“When we started going on lockdown, they pushed crazy, crazy hard,” says Lori of her uplines. “People reached ranks that they’d never dreamt of reaching before because of recruiting.” By the summer, higher-ups in group chats said the company had seen 400 percent growth. Lori says May was her team’s best month ever. But the practices she was using to make that money felt increasingly predatory.
“You have women that are close to suicide because they’re in the middle of a pandemic. Their family doesn’t have any money, and they’ve spent money they didn’t really have to try and make a difference,” Lori says of her last few months at Paparazzi, which she quit in September 2020. She says her uplines encouraged her to push potential recruits to use their stimulus checks to invest in joining Paparazzi. (Other MLM reps did the same across social media.) On Instagram, deft saleswomen, hawking vitamins and water bottles and nail-polish strips, showed how $1,200 could turn into a “small business.” One coach with Beachbody, an MLM that offers workouts and shakes, shared a training video in which she explained techniques to close sales with potential recruits who say they can’t afford to join.
Andrea, 29, a commercial photographer in South Florida, joined Mary Kay in March when she was forced to shutter her business. Her son is immunocompromised, and she was terrified to leave the house. She was initially recruited by a friend who had just joined Mary Kay to pay her own bills. Though she was told she could start with only a $30 investment, Andrea eventually spent $200 after more-senior reps told her she would need more product to get off the ground quicker. It was all of her savings.
“It became very clear that the focus is not the products,” Andrea says. Recruitment was. She, and the women her reps wanted her to recruit in turn, were the real Mary Kay product. When Andrea wanted to throw a “pampering session” of samples for a friend who had recently lost her house, higher-ups insisted on attending via Zoom and spoke about how “healing” it would be for the woman to join Mary Kay. Andrea was appalled. She felt pressure to perform a kind of “sob story” when selling, she says, about how much Mary Kay had helped her and how much it would help others. In reality, her Mary Kay business made her only about $100 a month. She was encouraged to post gushingly about her executive director’s new car, a Mary Kay perk, that isn’t actually free. Mary Kay takes care of lease payments only if reps continue to hit their sales targets. When Andrea told her uplines she was struggling to make a profit, they said she was not entrepreneurial enough. She lasted three months before quitting. She just gave away the unsold lipsticks that had been sitting around her house since June.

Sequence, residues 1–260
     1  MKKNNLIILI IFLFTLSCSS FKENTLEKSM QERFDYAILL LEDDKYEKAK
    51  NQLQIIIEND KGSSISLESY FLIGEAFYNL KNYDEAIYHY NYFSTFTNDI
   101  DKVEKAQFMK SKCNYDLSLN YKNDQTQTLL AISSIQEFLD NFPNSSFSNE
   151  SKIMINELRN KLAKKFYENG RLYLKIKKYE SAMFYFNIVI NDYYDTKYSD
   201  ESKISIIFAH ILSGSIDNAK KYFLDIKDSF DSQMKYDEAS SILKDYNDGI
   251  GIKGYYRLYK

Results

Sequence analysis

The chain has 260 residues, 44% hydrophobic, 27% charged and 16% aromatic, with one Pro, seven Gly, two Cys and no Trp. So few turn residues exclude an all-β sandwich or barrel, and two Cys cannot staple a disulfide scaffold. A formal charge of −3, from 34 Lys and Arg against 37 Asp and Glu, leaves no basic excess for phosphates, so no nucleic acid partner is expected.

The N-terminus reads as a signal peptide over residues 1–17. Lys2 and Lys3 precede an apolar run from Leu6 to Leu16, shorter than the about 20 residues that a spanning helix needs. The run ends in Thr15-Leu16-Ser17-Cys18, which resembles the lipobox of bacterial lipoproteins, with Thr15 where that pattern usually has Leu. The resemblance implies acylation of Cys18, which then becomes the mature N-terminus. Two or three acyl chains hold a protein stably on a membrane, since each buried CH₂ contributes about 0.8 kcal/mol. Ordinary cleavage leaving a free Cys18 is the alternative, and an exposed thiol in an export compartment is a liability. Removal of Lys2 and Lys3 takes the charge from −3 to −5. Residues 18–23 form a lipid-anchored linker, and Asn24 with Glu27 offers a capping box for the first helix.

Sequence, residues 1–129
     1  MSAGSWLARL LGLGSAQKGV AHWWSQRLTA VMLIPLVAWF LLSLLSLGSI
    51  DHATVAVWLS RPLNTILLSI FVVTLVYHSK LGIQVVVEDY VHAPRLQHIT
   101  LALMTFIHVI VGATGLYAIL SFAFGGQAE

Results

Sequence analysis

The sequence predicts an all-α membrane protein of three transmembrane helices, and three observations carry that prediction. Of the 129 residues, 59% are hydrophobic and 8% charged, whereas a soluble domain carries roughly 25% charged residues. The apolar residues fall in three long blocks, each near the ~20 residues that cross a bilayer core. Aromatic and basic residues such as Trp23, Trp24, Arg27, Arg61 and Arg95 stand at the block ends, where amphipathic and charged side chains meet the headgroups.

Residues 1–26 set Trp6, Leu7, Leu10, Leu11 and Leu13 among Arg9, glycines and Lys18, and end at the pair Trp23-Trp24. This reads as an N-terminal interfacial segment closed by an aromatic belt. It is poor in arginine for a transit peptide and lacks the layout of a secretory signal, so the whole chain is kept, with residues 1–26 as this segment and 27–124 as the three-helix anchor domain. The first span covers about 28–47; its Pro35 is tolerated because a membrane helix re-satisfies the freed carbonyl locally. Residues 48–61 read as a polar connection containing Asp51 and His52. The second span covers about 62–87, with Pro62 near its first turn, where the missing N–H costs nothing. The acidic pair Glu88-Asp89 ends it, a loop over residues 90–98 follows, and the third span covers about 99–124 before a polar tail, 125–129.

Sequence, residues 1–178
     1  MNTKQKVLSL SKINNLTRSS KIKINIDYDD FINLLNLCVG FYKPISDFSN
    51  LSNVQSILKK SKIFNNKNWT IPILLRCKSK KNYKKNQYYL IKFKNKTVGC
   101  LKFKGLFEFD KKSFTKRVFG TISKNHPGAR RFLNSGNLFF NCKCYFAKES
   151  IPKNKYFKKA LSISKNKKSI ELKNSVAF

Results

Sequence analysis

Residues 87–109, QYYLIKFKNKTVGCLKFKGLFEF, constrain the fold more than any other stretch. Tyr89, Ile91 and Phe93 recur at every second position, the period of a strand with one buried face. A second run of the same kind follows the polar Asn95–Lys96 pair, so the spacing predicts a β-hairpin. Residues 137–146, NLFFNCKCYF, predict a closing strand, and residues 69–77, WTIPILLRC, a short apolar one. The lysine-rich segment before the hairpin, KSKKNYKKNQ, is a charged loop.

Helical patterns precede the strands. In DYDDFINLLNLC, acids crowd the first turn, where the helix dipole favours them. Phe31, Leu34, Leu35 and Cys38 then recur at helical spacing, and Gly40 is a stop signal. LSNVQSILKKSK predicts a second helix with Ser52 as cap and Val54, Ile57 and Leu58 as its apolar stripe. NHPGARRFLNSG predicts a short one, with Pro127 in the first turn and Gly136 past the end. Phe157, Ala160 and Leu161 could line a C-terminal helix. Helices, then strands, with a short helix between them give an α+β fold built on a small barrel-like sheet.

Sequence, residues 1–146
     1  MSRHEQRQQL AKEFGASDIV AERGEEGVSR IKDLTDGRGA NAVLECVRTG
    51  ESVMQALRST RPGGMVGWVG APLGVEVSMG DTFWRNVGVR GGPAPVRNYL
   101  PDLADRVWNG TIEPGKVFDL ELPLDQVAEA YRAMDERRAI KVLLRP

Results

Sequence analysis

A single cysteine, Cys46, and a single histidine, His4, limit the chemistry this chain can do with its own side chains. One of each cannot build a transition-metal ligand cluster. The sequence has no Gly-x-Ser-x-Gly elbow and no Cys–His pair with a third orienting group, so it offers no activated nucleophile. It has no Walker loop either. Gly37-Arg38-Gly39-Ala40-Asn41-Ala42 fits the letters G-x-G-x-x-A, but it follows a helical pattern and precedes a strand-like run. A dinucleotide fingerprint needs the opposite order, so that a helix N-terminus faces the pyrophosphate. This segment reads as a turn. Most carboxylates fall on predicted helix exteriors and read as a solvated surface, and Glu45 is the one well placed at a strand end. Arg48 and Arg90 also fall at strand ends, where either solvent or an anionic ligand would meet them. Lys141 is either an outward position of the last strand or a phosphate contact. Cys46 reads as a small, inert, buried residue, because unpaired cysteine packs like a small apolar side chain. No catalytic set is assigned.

Anti-MLM message boards are inundated with posters concerned for their out-of-work mothers, sisters, cousins, and friends who have spent money on a business in which they are unlikely to make any. They describe how armies of huns have flooded job boards and LinkedIn. Companies don’t disclose recruiting numbers, but a Direct Selling Association survey in June claimed 59 percent of MLMs reported their profits had improved. Income-disclosure reports, where they have been made, reveal that those profits are not evenly distributed: Monat, a hair-and-wellness MLM that is being sued by women who say its products make their hair fall out, reported in 2019 that the average “market partner” makes $119 a year. Only the top 0.11 percent of partners make an income over $40,000.. A typical “independent consultant” at Arbonne, a cosmetics MLM, makes between $120 and $502 a year. In spite of that dismal math, consultants continue to say working in these businesses can change women’s lives. Many of those consultants are probably still waiting for their own to change underneath the “free car” hashtag. Even supposedly successful reps routinely celebrate paydays on Instagram with posts about how their checks will go toward paying down their student loans and credit-card debt.
There’s another reason women are especially vulnerable to MLM recruitment during the pandemic. MLMs promise a web of beautiful new friends and supporters in dreamy, cursive script. Saleswomen call themselves mentors, their recruits sisters, and their team a family. “People were buying not because they had the money to buy,” says Lori of her pandemic haul, her best months ever, “but because they needed the connection with people.”
— to www.thecut.com